Joseph Tisiga’s multidisciplinary practice is at once enigmatic and forthright, fantastical and banal. In interviews, he has spoken of giving mythic shape to what might otherwise be too concretely described as the legacy of colonialism—the complex of psychological, social, economic and cultural challenges facing Indigenous people today. He has also said that his work is underlain by a kind of “sublime nothingness” that stems from his experience of Whitehorse, the place he moved to in his youth and where he is still based. “It’s the core of banality, for me,” he told Momus in 2016, “the way it’s been represented by, say, Samuel Beckett.”
A persistent element of surreal banality was certainly evident in Tisiga’s big solo exhibition, “Tales of an Empty Cabin: Somebody Nobody Was …,” at the Audain Art Museum this past winter and spring. So was a deep investment in storytelling. Works included watercolours, oil paintings, performance photographs, collages, assemblages and a large-scale installation composed of a very particular species of found objects. The installation and the most recent assemblages, mounted on large squares of artificial turf, were created on-site at the museum. They represented a new way of working for this artist, who has spoken with regret of an urban childhood estranged from his Kaska Dene heritage. Much of Tisiga’s art appears to investigate that lost heritage and to search out a place for himself in the world while also registering its discontents. In the accompanying catalogue, Tisiga writes, “The exhibition’s themes are consistent with what I’ve been doing: exploring ambivalent identity constructions, spiritual amnesia and the effect of displacement.”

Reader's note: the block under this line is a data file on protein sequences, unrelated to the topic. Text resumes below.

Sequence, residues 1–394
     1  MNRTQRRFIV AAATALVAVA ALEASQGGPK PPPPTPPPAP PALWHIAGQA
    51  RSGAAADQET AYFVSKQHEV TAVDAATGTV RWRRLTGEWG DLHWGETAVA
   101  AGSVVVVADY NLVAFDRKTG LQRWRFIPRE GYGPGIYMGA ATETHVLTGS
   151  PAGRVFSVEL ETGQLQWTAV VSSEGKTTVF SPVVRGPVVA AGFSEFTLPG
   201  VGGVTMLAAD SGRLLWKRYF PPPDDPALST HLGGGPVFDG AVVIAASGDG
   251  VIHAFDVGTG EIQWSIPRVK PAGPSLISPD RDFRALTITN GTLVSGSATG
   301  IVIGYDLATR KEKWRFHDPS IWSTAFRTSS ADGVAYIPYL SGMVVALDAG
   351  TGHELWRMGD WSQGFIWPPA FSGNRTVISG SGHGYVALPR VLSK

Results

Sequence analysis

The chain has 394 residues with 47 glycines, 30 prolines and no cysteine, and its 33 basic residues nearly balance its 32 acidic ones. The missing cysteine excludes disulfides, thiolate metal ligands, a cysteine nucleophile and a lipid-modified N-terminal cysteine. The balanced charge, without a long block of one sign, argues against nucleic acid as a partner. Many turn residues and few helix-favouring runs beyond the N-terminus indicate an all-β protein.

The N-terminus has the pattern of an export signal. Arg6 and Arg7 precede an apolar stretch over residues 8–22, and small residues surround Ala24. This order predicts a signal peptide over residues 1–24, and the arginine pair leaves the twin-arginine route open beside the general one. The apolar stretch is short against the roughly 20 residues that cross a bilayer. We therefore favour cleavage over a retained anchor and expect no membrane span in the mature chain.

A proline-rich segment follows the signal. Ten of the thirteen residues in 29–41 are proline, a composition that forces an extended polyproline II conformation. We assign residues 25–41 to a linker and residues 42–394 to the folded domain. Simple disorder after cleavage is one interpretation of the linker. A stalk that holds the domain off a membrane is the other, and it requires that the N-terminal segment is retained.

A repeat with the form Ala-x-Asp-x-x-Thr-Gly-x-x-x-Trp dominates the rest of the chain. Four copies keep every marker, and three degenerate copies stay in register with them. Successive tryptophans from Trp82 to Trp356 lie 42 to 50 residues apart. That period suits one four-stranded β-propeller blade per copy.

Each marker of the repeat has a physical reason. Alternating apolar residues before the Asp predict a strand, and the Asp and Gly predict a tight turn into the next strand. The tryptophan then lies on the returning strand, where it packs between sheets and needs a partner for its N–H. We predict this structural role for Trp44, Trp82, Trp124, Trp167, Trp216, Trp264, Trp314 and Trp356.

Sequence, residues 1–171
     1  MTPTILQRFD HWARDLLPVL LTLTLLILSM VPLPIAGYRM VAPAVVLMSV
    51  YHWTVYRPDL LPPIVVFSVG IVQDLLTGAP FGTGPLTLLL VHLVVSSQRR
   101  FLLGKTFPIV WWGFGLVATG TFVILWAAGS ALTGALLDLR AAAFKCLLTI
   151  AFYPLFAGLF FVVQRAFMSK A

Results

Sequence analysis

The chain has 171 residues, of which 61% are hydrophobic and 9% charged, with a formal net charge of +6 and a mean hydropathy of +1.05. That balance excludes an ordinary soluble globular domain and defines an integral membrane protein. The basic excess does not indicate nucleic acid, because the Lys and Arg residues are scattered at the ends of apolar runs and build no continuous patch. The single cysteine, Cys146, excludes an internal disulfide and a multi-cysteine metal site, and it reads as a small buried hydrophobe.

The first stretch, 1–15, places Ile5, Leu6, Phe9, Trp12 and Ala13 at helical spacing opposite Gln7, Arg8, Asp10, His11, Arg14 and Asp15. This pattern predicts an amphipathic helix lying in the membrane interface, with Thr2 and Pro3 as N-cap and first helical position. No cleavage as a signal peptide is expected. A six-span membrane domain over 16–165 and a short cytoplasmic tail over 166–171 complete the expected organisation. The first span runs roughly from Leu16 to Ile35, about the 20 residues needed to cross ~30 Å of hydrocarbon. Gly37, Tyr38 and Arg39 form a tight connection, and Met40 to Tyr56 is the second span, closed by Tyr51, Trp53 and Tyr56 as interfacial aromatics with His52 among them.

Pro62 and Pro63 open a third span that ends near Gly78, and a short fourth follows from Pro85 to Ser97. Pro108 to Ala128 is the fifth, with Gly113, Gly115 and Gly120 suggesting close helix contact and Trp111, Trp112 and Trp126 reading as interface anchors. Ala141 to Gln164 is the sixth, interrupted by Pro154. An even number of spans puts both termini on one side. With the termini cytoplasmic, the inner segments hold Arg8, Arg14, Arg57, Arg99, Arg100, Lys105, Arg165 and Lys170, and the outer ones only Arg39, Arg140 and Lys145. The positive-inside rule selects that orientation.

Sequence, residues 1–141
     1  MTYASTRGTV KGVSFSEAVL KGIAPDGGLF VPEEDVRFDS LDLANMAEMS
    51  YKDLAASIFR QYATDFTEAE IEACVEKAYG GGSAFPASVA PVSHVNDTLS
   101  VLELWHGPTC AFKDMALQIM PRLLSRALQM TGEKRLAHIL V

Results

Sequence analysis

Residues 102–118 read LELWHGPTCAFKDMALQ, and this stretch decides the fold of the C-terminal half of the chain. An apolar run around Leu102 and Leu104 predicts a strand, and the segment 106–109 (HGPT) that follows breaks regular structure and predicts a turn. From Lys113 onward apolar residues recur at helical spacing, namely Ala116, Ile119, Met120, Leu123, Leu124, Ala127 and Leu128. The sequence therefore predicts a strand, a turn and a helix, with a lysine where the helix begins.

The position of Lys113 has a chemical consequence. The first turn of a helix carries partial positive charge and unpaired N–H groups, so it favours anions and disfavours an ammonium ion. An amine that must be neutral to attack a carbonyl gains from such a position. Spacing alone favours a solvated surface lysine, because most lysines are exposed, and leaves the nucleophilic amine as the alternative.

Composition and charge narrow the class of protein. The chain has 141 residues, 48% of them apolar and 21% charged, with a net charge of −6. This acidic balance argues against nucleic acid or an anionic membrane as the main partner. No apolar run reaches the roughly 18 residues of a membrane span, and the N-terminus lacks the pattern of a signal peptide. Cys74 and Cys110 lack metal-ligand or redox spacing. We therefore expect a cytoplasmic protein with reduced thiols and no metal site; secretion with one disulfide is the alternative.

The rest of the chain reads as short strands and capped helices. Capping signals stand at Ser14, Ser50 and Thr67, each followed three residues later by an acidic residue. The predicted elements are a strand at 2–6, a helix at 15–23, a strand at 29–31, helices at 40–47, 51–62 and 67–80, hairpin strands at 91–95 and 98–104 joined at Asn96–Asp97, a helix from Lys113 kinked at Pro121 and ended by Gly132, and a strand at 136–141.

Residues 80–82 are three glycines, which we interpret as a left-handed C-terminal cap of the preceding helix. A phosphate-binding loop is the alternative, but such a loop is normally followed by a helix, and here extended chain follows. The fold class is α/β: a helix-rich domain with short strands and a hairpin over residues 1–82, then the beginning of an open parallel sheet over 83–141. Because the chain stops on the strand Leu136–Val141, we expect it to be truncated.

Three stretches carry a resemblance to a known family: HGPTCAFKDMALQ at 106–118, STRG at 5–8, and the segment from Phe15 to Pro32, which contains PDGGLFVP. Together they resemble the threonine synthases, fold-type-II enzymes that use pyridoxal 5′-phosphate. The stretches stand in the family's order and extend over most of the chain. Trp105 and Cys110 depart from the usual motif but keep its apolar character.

Related to these issues are conflicted notions of authenticity and appropriation. The show’s title is a reference to a book by Grey Owl, a.k.a. Archie Belaney, the English writer and lecturer who immigrated to Canada in 1906 and assumed a First Nations identity and pseudonym. In hindsight, it is easy to deplore his sustained act of cultural and personal duplicity (which, among other things, included bigamy). Still, as Grey Owl, Belaney was also a naturalist and an early conservationist, callings that confuse and complicate our impulse toward outright dismissal. Some of this confusion was conveyed in photographs from Tisiga’s 2009 performance, also titled Tales of an Empty Cabin. Set in an abandoned, cheaply constructed and, yes, banal office building in Whitehorse, the performance suggests a kind of quest. Tisiga, in a First Nations jacket adorned with fur and pearly buttons, is seen peering into cupboards and drawers. He also takes on cleaning tasks, as if he were a janitor, as if he were not only trying on an uncomfortable role but cleaning up after the previous occupants of the space. Perhaps erasing them.